Area Forecast Discussion
Issued by NWS Grand Junction, CO

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FXUS65 KGJT 180456

Area Forecast Discussion
National Weather Service Grand Junction CO
1056 PM MDT Fri Mar 17 2017

.SHORT TERM...(Tonight through Saturday night)
Issued at 320 PM MDT Fri Mar 17 2017

Record warmth continues across Utah and Colorado as high amplitude
ridging remains across the region. The hottest day of the week is
expected on Saturday. The NAM and GFS are trying to put isolated
showers over the San Juans again tomorrow afternoon, but with
conditions so dry and stable I took these out. Current satellite and
webcams in the San Juans where the forecast models were putting
precipitation today show very shallow cu squashed by a lack of any
vertical motion.

.LONG TERM...(Sunday through Friday)
Issued at 320 PM MDT Fri Mar 17 2017

The trough interacting with the ridge in place on Sunday is weaker
than in past forecast runs, but does flatten the ridge and increase
winds on Sunday. Because of the lack of cloud cover Sunday, decided
to slightly bump up the max temps on Sunday from what was there
closer to Saturday`s highs using the ADJMAV guidance. The wind at
mid levels picks up later in the afternoon on Sunday which could
lead to some gusty conditions across eastern Utah and western
Colorado valleys as winds mix down in the late afternoon. Made minor
adjustments to the forecasts as well for these afternoon wind gusts.
Mid to upper level cloud cover will increase Sunday night as the
pattern shifts to a cloudier and eventually wetter pattern. The
previous forecast discussion mentioning Sunday showers over the
mountains already looks to be outdated as the first threat of precip
shifts back to Monday. Even on Monday, mountain showers will be
isolated and very much terrain driven with weak embedded energy over
the ridge axis. The GFS is most bullish on precip on Monday evening,
and is an outlier at this point.

Clouds will stick around Tuesday, but the next chance of
precipitation is with the approaching system midweek on Wednesday.
The GFS, EC, CMC are still dancing around with their details, but do
still indicate precip beginning Wednesday evening sometime favoring
areas in southwest flow. The GFS continues to develop a closed low
over Utah before tracking it into Colorado on Thursday, versus the
EC and CMC which keep this system as an open wave. Available
moisture for this system even more impressive today than what we saw
the last couple of days, which indicates a warmer system. The
mountains of eastern Utah and western Colorado could receive a
significant amount of snow (above ~9000 ft, maybe even higher), with
liquid equivalence in either rain or snow form adding some
significant moisture to the region. QPFs on the GFS are indicating
about an inch of liquid precip in mainly locations, so we will need
to watch not only new snowfall, but rain on snow issues as well. As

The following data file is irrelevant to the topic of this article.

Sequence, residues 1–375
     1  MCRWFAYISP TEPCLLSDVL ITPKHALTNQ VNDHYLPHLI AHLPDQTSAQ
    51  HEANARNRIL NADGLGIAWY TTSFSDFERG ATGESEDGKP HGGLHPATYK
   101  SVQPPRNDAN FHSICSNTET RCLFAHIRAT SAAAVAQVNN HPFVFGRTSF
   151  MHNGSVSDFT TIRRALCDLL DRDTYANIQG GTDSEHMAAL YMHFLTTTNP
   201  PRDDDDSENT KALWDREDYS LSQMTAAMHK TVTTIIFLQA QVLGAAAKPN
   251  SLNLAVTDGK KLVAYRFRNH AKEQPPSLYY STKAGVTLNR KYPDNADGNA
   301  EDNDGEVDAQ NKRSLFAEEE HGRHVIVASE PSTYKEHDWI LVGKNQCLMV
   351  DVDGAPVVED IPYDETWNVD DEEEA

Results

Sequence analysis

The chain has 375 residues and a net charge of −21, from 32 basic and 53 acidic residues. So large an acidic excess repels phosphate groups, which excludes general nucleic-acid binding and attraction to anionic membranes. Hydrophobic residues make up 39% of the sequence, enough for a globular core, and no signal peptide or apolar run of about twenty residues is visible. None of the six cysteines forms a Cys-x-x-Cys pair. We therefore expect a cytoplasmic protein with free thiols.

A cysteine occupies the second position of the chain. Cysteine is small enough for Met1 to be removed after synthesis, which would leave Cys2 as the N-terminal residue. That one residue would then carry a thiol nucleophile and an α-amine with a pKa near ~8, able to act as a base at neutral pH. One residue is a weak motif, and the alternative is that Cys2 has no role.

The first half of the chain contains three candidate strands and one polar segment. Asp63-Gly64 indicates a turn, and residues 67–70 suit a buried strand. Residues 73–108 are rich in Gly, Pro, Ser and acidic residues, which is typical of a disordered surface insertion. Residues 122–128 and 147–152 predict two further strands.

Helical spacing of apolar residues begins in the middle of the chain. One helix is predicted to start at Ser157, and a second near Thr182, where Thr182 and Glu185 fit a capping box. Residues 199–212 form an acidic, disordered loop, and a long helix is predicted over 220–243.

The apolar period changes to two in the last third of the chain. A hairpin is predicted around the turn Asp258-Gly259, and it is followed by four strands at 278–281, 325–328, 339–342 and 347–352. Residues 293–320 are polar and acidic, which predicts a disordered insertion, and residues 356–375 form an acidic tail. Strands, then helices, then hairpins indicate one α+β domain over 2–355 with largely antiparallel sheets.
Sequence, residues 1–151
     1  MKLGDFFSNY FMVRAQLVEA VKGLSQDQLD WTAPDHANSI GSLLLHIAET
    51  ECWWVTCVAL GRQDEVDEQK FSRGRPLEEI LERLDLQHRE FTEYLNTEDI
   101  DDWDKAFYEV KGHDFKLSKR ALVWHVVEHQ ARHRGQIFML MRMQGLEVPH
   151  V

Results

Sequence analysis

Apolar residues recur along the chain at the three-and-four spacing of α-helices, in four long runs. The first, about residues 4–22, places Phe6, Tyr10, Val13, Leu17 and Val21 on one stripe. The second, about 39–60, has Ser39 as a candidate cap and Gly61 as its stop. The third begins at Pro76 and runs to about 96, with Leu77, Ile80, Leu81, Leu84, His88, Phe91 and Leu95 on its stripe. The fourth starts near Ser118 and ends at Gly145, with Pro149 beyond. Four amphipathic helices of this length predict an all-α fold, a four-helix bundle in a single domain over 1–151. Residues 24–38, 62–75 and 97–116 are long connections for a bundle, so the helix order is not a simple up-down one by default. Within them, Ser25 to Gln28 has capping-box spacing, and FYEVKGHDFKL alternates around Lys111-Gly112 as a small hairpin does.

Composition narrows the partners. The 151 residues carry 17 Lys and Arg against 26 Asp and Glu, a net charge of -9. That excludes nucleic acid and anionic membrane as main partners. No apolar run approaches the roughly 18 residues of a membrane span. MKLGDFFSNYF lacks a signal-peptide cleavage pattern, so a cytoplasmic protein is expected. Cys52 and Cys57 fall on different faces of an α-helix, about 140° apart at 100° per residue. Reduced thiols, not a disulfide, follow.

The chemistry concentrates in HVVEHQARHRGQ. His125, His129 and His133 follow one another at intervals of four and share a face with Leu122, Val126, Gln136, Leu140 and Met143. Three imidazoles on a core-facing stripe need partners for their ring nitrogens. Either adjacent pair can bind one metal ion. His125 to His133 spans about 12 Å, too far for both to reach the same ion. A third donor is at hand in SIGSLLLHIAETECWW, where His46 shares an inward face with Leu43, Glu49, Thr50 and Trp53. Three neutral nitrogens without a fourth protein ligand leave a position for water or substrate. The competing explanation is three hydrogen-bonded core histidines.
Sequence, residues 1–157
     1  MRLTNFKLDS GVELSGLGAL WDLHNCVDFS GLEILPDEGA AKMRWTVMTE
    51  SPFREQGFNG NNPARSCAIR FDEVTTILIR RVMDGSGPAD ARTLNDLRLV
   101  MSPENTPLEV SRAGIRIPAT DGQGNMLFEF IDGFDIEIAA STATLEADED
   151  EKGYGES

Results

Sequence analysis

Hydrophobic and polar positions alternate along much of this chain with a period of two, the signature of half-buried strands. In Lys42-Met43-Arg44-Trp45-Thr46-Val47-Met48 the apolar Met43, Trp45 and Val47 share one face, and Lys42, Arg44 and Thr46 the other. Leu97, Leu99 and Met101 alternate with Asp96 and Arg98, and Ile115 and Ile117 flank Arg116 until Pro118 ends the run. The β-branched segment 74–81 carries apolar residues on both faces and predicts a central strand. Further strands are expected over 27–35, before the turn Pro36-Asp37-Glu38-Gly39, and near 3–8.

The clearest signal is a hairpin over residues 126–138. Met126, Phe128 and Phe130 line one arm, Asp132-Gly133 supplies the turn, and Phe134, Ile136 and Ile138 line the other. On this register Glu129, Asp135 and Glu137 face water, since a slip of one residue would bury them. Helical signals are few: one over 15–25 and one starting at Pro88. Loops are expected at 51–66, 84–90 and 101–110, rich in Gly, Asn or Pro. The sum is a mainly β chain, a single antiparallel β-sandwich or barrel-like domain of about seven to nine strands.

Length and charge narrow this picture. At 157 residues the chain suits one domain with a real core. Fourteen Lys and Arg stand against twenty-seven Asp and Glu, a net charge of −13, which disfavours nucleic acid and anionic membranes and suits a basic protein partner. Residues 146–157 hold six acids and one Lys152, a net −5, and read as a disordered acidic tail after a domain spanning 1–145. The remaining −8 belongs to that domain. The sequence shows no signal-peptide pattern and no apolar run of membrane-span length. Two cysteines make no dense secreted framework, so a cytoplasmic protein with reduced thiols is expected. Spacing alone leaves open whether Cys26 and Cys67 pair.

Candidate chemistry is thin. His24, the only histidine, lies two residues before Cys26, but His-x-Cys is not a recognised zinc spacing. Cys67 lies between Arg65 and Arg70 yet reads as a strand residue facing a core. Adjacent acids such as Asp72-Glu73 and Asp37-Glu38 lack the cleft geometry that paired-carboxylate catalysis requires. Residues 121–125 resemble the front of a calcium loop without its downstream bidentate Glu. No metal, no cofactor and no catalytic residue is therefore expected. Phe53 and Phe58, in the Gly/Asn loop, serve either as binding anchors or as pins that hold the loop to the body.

mentioned in previous discussions, the snow level behind the
associated cold front may drop low enough for valleys above 6000 ft
on Thursday to see some snow at times, but these detailed can`t be
accurately parsed out until we get some forecast model consensus
and figure out the strength of this system.

This weather system will impact the region Wednesday through
Thursday, with conditions looking to clear Friday and Saturday
before the next chance of precipitation next Sunday with another
open trough or closed low.


.AVIATION...(For the 06Z TAFS through 06Z Saturday night)
Issued at 1056 PM MDT Fri Mar 17 2017

Flow will shift to the southwest and increase Saturday afternoon
as the high pressure shifts east of the Continental Divide. Record
warmth will allow strengthening southwest winds aloft to mix to
the surface after 19Z resulting in breezy conditions at all TAF
sites except KVEL through 02Z/Sunday. Otherwise, expect dry
weather to prevail for another 24 hours bringing VFR conditions
and no chance for CIGS below ILS breakpoints region wide.


Issued at 320 PM MDT Fri Mar 17 2017

High pressure flattens over the the area Saturday. This will
allow southwest winds to strengthen over the region by Sunday
afternoon. Relative humidities are expected to drop into the 15 to
25 percent range Sunday afternoon, but they may drop lower with
record or near record heat persisting. The gusty winds combined
with warm temperatures, low humidity and still dormant or dry
vegetation may increase the potential for heightened fire weather
awareness. Check the latest forecast before attempting any burning
through this weekend as conditions can change rapidly. The
potential will be greatest for elevations below 8000 feet.


Issued at 320 PM MDT Fri Mar 17 2017

Prolonged period of record or near record high temperatures will
continue to impact the region through Sunday. This will
accelerate snowmelt resulting in increased flows on area waterways
and slow but steady rises in river levels. Temperatures are
expected to cool next week, which will help to slow the snowmelt,
however major moisture is possible during the middle of next week
in the form of both rain and snow. Will need to monitor for rain
on snow issues that could develop mid to late next week with the
changing snowpack levels.





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